Surprising Ways To Calm A Dog With Severe Anxiety

A constant struggle for a lot of dog parents is how to calm a dog with a panic attack. I’ve battled this issue almost since I adopted my dog, Henry. He generally is fairly calm, but there are times when he will go full-on into an anxiety attack. In this article, I’ll share what I’ve learned in my journey to help Henry with his anxiety.

help calm a dog with anxiety with easy tricks that save you money
disclaimer note

*Updated: June 24, 2024

Budget tip:
Helping your dog with anxiety is good for your dog and your pocketbook. A dog that is very stressed can hurt themselves or others. That means you could get hit with an unexpected vet bill. Worse is your dog escaping and becoming lost. Thus, providing your dog with aids and help to overcome anxiety is a win-win for your dog and your wallet!

Note: Always talk to your vet before giving your dog a new supplement or change his diet.

If you don’t have a vet you feel is a good fit, then this article will walk you through the process of finding a great one!

What does anxiety in dogs look like?

Anxiety in dogs can look different for different dogs. However, as I’ve stared into Henry’s eyes the only thing I can think of is he’s having what in human terms would be called a panic attack. If you’ve ever had the misfortune of experiencing a panic attack, then you’ll relate to your dog even better.

I mentioned to my veterinarian that Henry’s stress was basically a panic attack and he agreed that’s the human analogy. That’s horrible! I’ve experienced two of these attacks and I can tell you if I could’ve somehow crawled out of my skin to escape it, I would’ve done it. There’s certainly nothing fun or logical about a panic attack.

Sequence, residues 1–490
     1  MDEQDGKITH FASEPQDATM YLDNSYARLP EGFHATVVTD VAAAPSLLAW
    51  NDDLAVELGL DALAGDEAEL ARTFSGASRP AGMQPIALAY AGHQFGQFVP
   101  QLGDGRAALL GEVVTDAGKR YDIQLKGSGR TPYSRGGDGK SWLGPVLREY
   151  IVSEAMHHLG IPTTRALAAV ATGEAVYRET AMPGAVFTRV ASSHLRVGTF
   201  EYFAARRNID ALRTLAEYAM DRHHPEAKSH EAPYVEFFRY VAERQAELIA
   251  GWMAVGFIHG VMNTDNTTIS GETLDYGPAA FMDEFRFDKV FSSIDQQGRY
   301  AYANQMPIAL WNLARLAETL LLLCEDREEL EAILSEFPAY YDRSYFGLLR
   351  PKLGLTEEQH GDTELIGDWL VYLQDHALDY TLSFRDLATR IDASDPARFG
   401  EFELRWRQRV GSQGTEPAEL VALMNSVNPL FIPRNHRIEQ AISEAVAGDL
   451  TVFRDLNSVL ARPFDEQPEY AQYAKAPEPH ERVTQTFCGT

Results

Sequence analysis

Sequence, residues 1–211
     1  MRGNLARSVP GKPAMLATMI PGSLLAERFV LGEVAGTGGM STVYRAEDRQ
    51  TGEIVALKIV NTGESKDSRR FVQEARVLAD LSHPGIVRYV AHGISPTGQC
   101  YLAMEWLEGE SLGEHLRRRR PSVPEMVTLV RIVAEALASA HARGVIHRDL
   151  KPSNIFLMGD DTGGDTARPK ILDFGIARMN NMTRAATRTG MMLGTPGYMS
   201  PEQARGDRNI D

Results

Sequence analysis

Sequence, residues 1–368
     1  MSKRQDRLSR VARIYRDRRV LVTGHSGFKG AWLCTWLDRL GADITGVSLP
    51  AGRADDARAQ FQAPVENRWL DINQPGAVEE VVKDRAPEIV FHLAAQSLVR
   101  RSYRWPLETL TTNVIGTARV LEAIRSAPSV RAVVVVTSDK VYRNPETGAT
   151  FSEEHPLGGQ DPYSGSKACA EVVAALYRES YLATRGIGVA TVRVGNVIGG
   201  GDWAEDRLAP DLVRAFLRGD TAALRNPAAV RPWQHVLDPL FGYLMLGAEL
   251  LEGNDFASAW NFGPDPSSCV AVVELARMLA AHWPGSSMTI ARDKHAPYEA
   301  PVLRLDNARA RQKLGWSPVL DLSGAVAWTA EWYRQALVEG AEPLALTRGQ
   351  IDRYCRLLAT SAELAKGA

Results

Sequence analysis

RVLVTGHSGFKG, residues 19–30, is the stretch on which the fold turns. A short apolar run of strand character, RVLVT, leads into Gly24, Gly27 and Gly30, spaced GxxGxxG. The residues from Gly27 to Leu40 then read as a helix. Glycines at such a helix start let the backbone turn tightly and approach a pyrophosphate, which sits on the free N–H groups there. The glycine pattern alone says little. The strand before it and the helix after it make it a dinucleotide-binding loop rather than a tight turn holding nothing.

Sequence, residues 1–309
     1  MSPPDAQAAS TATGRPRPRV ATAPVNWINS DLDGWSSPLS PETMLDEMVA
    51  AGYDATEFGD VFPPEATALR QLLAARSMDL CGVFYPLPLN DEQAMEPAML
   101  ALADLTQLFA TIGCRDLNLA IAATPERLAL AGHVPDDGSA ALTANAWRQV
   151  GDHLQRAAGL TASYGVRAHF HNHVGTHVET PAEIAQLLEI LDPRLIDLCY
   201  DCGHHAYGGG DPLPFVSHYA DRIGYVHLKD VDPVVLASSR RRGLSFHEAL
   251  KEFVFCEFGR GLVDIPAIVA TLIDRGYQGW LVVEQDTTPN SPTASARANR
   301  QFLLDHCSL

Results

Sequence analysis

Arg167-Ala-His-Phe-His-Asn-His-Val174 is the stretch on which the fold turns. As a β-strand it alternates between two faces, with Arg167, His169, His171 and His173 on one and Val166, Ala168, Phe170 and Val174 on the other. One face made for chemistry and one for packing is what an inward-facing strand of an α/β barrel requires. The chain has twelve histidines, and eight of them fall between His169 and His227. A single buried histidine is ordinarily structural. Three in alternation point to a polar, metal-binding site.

In a dog, the physical appearance of high stress, anxiety, or a full-on panic attack, can include:

  • panting
  • pacing
  • shaking
  • pawing
  • drooling
  • excessive barking
  • aggression
  • destruction of items
  • peeing or pooing, excessively and especially in the house
  • compulsive, or repetitive behavior

None of that sounds fun from the dog’s perspective and you probably already know none of it’s fun from the dog parent’s perspective.

In this article, I discuss aggression in dogs. 

What causes a panic attack in dogs?

Stress, panic, or anxiety in dogs can be triggered by many different factors. And again, this can be very unique to each dog and their experiences. However, there are certain triggers that seem to be universal for most dogs, such as fireworks, thunder, and sirens to name a few.

Some dogs have traumas and we don’t realize how deep they go or what’s involved. For example, Henry is a rescue. He spent four months in foster care. I later learned, that his foster mom didn’t like him. Additionally, I discovered his original family was an elderly couple. When they died, he was thrown out with the trash. He definitely came to me with some trauma. Initially, Henry’s panic triggers included:

  • loud noises, such as fireworks or thunder
  • wind
  • rain
  • snow
  • being left alone
  • windshield wipers
  • fire of any type

Specifically, the triggers will change depending on the dog’s trauma. For example, Henry has a puppy friend who’s also adopted. She runs and hides at the sight of men and especially men with any facial hair. I had a childhood dog with anxiety.  She had a similar trigger to Henry’s friend and would shake and pee herself at the sight of men with long hair. 

Each dog has their own traumas. Our job as dog parents is to recognize the traumas and help them cope as best as we can.

In this article, I talk about how I adopted Henry as a foster dog.

Is there anything that will help a stressed dog?